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Vineyard Establishment (vine training, trellis, planting, early vine training, nutrition, & canopy management) Tremain Hatch Viticulture Research/Extension Associate

2014 Vineyard Design (PDF | 10MB)

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  • Vineyard Establishment (vine training, trellis, planting, early vine training,

    nutrition, & canopy management)

    Tremain Hatch

    Viticulture Research/Extension Associate

  • What is a Vine Training System?

    The system or form in which a vine is cultivated

    Large area of healthy leaves exposed to


  • V. mustangensis (Buckley)

    Photo credit: UT Austin


  • Training Systems Vary in:

    Applicability to a situation Site + variety + goal = situation

    Quality Quantity Wine quality potential

    Labor Shoot positioning, leaf pulling, pruning, etc.

    Suitability for varieties Upright or trailing shoot growth

    Suitability for climates Wet, dry, cold, hot

    Cost of establishment

  • Varietal growth habit



  • A Review of Some Common

    Vine Training Systems

  • Canopy

    Growing upward

  • Canopy Growing downward

  • Canopy division


  • Vertical Division

  • Non-Divided Canopy

    High Bi-lateral


    High Cordon

    More traditional or mainstream

    training systems


  • Divided Canopies

    GDC Lyre

    Scott Henry



    Geneva Double Curtain


  • Some Common Training Systems

    Vertical Shoot Positioned


  • Bi-lateral cordon, vertical shoot positioned VSP

    A standard


    Height of fruiting wire

    Vertical division


    Ease of work

    One fruiting zone

  • Vertical Shoot Positioned


    Simple concept, relatively cheap installation

    Can be modified into vertically divided canopy of cordon is high enough

  • Vertical Shoot Positioned


    Low to moderate

    yield potential

    May require frequent maintenance in high

    vigor site

  • Smart-Dyson


    Some Common Training Systems

  • Smart-Dyson Smart-Dyson

  • Smart-Dyson


    Increase leaf area

    Yield increases of about 50-70% over non-divided VSP

    Suitable to most high-vigor situations

    Efficiently utilizes trellis


  • Smart-Dyson



    Timing weed control

    Additional labor

    Disease pressure?

  • Some Common Training Systems

    Geneva Double



    Photo: T.K. Wolf

  • Geneva Double Curtain

    Cordons at top of trellis,

    separated by 4

    Use only in high vigor

    situations (I.e., > 0.3 pounds

    of cane prunings/foot of

    canopy realized or


    Shoot positioning required,

    typically 2X/year

    Suitable for American,

    hybrids, and some vinifera


  • Geneva Double Curtain


    High yields; high phenols also possible

    Good fruitfulness reported

    Reduced vigor on

    downward growing shoots

  • Geneva Double Curtain


    Over-exposure of fruit

    a concern in hot climates

    Not suitable for some

    vinifera cvs.

    Slightly more rot reported, than vertical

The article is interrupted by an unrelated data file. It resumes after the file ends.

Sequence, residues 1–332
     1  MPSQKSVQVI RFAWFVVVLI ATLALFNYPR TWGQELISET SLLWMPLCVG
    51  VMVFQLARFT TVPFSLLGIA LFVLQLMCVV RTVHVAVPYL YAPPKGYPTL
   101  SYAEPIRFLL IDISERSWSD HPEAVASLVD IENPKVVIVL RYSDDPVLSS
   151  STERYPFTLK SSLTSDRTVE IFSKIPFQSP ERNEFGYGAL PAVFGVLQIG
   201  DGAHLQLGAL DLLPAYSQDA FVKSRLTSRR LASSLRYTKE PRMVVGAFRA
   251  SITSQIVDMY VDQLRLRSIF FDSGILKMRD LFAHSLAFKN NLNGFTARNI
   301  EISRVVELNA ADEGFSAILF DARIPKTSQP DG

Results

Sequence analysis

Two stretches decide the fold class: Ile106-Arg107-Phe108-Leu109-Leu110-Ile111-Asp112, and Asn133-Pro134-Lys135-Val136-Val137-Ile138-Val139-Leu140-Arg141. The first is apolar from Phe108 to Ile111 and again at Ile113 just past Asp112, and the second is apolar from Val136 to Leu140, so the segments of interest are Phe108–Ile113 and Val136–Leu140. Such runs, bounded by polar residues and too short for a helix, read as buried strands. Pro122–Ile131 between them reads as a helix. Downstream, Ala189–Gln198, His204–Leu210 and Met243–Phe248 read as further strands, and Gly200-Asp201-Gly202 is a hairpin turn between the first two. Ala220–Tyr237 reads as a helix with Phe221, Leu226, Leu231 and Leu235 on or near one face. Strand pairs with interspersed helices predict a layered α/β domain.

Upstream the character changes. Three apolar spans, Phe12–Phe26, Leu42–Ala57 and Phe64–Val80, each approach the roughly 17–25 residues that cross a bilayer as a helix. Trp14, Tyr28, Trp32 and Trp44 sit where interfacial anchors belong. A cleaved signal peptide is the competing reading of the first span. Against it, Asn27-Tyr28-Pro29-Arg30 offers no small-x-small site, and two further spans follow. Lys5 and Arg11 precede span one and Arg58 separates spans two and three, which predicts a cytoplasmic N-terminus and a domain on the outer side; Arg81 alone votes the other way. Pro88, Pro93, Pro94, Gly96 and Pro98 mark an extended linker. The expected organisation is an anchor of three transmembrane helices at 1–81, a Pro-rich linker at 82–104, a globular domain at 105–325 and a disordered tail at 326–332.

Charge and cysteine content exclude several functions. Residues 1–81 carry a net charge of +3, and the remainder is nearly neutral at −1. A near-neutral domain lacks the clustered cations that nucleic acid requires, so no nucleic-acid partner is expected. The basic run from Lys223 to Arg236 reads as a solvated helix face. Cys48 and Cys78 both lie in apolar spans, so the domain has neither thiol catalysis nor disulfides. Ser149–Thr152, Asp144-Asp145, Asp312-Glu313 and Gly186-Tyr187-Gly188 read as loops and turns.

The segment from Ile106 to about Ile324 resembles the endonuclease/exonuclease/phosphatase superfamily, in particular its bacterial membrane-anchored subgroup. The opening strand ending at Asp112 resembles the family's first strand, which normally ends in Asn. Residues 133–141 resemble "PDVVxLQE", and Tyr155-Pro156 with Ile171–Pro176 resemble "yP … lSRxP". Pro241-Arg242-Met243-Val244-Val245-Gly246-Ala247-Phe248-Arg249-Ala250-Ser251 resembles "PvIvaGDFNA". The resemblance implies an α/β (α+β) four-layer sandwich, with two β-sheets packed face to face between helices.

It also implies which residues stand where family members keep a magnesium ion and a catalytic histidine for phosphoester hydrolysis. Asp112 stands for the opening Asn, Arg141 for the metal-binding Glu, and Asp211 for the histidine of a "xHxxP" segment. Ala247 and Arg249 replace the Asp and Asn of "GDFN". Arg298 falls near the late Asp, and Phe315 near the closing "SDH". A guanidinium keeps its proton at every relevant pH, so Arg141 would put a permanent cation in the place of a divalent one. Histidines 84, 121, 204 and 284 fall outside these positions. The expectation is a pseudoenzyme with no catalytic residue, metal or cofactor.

shoot systems


  • 25 years of abuse Think though work before you begin

    Use Only Highest Quality Materials Available Wire Source packed and wound under

    tension Posts Line and End: deep enough, tall

    enough, pound in, do not auger in Right Equipment for Installation

    Install before or after plants? Irrigation? Drain tile?

    Wire Positions End Assemblies

    Trellis Construction

  • Drive posts, do not plant them Line posts: 2-3 deep, 6 - 7 above (non-divided, vertical

    division). 15-20 feet between posts. All must be same height hedger, harvester.

    End posts: steel w/ spade or min 5-8, 4 deep Wire: use a spinning jenny to apply, splice correctly, leave

    enough length at ends to work with Tie offs: double wrap with staple or wire vise on steel Anchors screw in straight down with bobcat auger or steel

    bar or bury, always to eye depth Anchor wires: white pvc tubes for visibility Strainers/tensioners for individual catch wires

    How to:

  • Trellis options

  • Trellis options

  • Trellis options

  • Not all posts are created equal

  • Wire catches & line post extensions

  • 4-6

  • H Brace

    Paul Domoto

    Dept. of Horticulture

    Iowa State University

  • Irrigation lines

  • End post position & Anchors

  • Post Pounding

  • Spinning Jenny

    Spinning Jenny on Radio Flyer

  • Planting

    When to Plant

    Soil Condition

    Inspect Vines

    Preparing Vines

    Root Pruning

    How to Plant


  • Nurseries and


    # of Vines to Order


    When to Order

    What to Order





    Storing Plants




  • Care of Nursery Stock and


    Choose Reputable Nursery

    Keep Vines Moist Until Planting

    Plant in Early Spring

    Water in by Bud Break

    Cut Back to Two Buds

  • Site layout for planting

    Soil preparation

  • Planting and training

    Staking vines

    Vine protection?


  • Water before and after


  • Layout and Marking the Field

    Hire a Professional Surveyor or Do It Yourself

    Transit, Distance Wheel and Marking Flags

    Marking Lines